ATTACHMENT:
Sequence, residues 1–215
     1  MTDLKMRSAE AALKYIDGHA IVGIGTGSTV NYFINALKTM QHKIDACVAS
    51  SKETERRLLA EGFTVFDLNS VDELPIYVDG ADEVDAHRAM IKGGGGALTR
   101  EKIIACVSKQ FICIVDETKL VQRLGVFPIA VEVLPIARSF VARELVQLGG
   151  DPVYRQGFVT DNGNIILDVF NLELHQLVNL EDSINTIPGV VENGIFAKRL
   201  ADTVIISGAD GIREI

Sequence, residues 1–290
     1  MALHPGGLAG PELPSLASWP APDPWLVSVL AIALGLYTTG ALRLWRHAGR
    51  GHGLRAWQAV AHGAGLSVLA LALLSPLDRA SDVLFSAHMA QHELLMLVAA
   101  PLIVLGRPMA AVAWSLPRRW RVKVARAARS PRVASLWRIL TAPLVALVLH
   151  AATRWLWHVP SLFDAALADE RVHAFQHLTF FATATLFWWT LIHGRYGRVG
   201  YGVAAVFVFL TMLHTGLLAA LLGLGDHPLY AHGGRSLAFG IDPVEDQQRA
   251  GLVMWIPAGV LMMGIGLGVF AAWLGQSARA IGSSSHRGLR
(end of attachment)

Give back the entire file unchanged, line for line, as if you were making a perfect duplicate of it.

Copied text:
Sequence, residues 1–215
     1  MTDLKMRSAE AALKYIDGHA IVGIGTGSTV NYFINALKTM QHKIDACVAS
    51  SKETERRLLA EGFTVFDLNS VDELPIYVDG ADEVDAHRAM IKGGGGALTR
   101  EKIIACVSKQ FICIVDETKL VQRLGVFPIA VEVLPIARSF VARELVQLGG
   151  DPVYRQGFVT DNGNIILDVF NLELHQLVNL EDSINTIPGV VENGIFAKRL
   201  ADTVIISGAD GIREI

Sequence, residues 1–290
     1  MALHPGGLAG PELPSLASWP APDPWLVSVL AIALGLYTTG ALRLWRHAGR
    51  GHGLRAWQAV AHGAGLSVLA LALLSPLDRA SDVLFSAHMA QHELLMLVAA
   101  PLIVLGRPMA AVAWSLPRRW RVKVARAARS PRVASLWRIL TAPLVALVLH
   151  AATRWLWHVP SLFDAALADE RVHAFQHLTF FATATLFWWT LIHGRYGRVG
   201  YGVAAVFVFL TMLHTGLLAA LLGLGDHPLY AHGGRSLAFG IDPVEDQQRA
   251  GLVMWIPAGV LMMGIGLGVF AAWLGQSARA IGSSSHRGLR